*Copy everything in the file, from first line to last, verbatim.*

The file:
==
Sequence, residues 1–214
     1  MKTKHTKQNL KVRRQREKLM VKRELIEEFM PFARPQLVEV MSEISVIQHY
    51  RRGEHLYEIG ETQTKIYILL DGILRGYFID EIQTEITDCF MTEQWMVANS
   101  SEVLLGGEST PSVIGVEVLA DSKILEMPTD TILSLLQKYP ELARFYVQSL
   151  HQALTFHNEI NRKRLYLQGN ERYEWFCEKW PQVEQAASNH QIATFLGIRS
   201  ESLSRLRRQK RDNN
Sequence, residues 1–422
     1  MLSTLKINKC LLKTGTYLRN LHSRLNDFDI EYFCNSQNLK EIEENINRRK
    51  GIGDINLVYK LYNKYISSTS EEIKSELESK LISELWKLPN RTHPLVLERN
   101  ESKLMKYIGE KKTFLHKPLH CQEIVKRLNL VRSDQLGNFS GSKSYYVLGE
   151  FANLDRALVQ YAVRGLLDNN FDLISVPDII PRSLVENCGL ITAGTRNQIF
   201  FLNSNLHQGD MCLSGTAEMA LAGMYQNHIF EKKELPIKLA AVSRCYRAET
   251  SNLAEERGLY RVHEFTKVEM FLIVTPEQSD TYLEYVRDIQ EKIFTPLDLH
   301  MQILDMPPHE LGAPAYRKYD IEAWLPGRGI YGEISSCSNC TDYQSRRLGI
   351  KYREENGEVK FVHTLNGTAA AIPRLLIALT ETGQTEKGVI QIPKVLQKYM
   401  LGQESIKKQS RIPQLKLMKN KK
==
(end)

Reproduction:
Sequence, residues 1–214
     1  MKTKHTKQNL KVRRQREKLM VKRELIEEFM PFARPQLVEV MSEISVIQHY
    51  RRGEHLYEIG ETQTKIYILL DGILRGYFID EIQTEITDCF MTEQWMVANS
   101  SEVLLGGEST PSVIGVEVLA DSKILEMPTD TILSLLQKYP ELARFYVQSL
   151  HQALTFHNEI NRKRLYLQGN ERYEWFCEKW PQVEQAASNH QIATFLGIRS
   201  ESLSRLRRQK RDNN
Sequence, residues 1–422
     1  MLSTLKINKC LLKTGTYLRN LHSRLNDFDI EYFCNSQNLK EIEENINRRK
    51  GIGDINLVYK LYNKYISSTS EEIKSELESK LISELWKLPN RTHPLVLERN
   101  ESKLMKYIGE KKTFLHKPLH CQEIVKRLNL VRSDQLGNFS GSKSYYVLGE
   151  FANLDRALVQ YAVRGLLDNN FDLISVPDII PRSLVENCGL ITAGTRNQIF
   201  FLNSNLHQGD MCLSGTAEMA LAGMYQNHIF EKKELPIKLA AVSRCYRAET
   251  SNLAEERGLY RVHEFTKVEM FLIVTPEQSD TYLEYVRDIQ EKIFTPLDLH
   301  MQILDMPPHE LGAPAYRKYD IEAWLPGRGI YGEISSCSNC TDYQSRRLGI
   351  KYREENGEVK FVHTLNGTAA AIPRLLIALT ETGQTEKGVI QIPKVLQKYM
   401  LGQESIKKQS RIPQLKLMKN KK